The Equator to Pole Temperature Difference

How much colder, on average, is the North Pole (geographically) than the near equator area in the Northern Hemisphere? What about in the Southern Hemisphere? And how would people expect these to be changing over time? What is the seasonality of these things?

Well, one must take the data I will present with a grain of salt: they come from the NCAR-NCEP reanalysis daily data (t2m, downloaded from KNMI), which uses a weather prediction model to  get complete fields based on regular re-initializations with observed data from around the world. I have to wonder how much of any trends is simply a consequence of changing data or biases in model behavior…or alternatively if those factors are hiding trends rather than creating them. But anyway, I found the results a little surprising. Well, some of the results.

On average, the annual average difference in the Northern Hemisphere between the lowest ~1 degree latitude band and the highest is almost 44 degrees over the whole reanalysis period. In the Southern Hemisphere, it’s almost 73 degrees (note: this is about a degree further from the Pole, I think, since . That’s not terribly surprising, I think: high elevation of the South Pole probably makes it much colder than the North Pole-well, that’s my first guess why, anyway. I am also not terribly surprised that, over the period, there has been a reduction in the difference in both Hemispheres on an annually averaged basis:

Equator to Pole Temperature difference in the Northern Hemisphere, 366 day running average and 3651 day centered average.

Same as the Above, but for the Southern Hemisphere.

What is a bit surprising is that the Northern Hemisphere difference appears stable until the late eighties, whereas the Southern Hemisphere difference is a bit more continuous, but mostly . I expected a larger decline earlier in the record for the Southern Hemisphere, based on Antarctic station based data I’ve seen, with not much if any in the last twenty years, and a continuous decline since the seventies in the Northern Hemisphere (keep in mind that the Reanalysis begins in the late forties, after the warmer temperatures of the thirties in the Arctic). At any rate, such a reduction in Equator to Pole Temperature differences is suggestive of enhanced heat transport and, at least in the Northern Hemisphere, the ice-albedo effect. This next finding is also not surprising, at least given the above: annual maximums in the Equator to Pole temperature differences has declined too:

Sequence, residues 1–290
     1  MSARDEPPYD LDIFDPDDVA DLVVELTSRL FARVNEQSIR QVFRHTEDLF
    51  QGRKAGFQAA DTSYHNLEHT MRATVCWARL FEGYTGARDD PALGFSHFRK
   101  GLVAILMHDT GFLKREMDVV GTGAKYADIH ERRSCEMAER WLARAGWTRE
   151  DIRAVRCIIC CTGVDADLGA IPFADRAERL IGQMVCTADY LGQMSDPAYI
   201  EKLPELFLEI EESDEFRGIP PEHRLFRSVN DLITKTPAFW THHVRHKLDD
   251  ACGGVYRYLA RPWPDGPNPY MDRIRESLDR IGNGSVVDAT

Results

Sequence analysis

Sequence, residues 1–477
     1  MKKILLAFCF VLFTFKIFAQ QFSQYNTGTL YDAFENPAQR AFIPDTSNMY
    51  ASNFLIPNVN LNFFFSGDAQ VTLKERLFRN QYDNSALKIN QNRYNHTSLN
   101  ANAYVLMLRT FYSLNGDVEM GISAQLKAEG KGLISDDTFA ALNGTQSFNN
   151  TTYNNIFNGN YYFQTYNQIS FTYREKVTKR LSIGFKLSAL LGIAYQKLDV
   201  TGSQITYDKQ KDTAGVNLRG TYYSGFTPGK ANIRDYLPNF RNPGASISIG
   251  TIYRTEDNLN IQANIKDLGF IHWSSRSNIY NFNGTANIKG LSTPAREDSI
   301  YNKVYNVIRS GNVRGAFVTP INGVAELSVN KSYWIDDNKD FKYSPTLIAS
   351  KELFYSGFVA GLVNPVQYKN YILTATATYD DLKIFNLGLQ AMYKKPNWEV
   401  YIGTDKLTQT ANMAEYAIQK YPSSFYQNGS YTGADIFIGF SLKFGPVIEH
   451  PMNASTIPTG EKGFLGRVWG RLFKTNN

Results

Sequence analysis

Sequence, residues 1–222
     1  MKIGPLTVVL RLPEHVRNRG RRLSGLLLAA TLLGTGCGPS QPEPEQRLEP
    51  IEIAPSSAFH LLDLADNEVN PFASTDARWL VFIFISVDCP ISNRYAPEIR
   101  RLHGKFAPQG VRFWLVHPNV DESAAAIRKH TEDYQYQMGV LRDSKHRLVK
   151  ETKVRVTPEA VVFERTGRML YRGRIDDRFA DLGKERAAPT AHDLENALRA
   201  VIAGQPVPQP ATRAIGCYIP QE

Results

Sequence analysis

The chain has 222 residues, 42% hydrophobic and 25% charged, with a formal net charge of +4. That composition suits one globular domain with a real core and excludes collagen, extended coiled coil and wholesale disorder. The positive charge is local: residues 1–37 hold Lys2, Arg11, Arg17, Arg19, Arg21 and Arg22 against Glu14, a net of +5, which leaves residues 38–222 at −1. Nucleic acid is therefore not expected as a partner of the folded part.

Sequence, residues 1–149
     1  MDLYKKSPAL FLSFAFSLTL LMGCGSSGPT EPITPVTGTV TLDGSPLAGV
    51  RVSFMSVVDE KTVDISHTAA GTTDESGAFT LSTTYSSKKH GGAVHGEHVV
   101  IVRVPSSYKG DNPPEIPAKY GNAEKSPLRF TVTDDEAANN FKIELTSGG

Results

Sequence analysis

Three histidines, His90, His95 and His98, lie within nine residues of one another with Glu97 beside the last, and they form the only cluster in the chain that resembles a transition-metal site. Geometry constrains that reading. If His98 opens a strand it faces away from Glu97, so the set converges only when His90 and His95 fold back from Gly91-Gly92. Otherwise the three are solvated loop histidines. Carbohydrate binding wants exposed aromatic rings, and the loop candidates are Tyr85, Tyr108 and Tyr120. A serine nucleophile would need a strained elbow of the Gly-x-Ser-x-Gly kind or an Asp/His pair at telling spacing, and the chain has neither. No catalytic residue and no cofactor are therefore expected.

366 day running maximum of Northern Hemisphere Equator to Pole Temperature difference.

Same as above, but for the Southern Hemisphere.

Please note that neither of these trends can plausibly be related to the ice-albedo feedback effect, since they are associated with the winter season, during the six months of basically continuous darkness at the Poles. This next result may be surprising for some readers:

366 running minimum of Northern Hemisphere Equator to Pole temperature differences.

Same as above, but for the Southern Hemisphere.

Now, since I looked at the breakdown of annual maximum and minimum of daily temperatures in the Arctic before, this wasn’t terribly surprising to me, but are readers surprised by the fact that, according to this data, the annual minimum of the Equator to Pole temperature differences are increasing? In the Northern Hemisphere, this seems to be occurring because, in the Arctic, air temperatures in the reanalysis seem to hit a ceiling every year that’s near the triple point of water (coincidence?) which they basically can’t seem to exceed: I looked at that and there is basically no trend in annual maximum daily temperatures in the deep Arctic. While there isn’t an obvious summer “ceiling” nor is there any connection to being close to the triple point of water the Southern Hemisphere, there isn’t any tendency of the annual maximum to warming there at all it, appears. These changes seem to indicate that there are seasonally dependent trends in the meridional transport of heat. Such a thing could be brought about by significantly spatially and seasonally heterogeneous forcing. This information cannot confirm that definitively, nor can it identify the source of such a forcing. But spatial variations in cloud coverage would be my first guess for a natural factor. Also note that, as I previously stated, one cannot really test “global mean” sensitivity on the basis of spatially heterogeneous forcing. If recent climate change is due in significant part to very spatially (and seasonally!) heterogeneous forcing, studies of “global mean” sensitivity will almost inevitably give misleading results.

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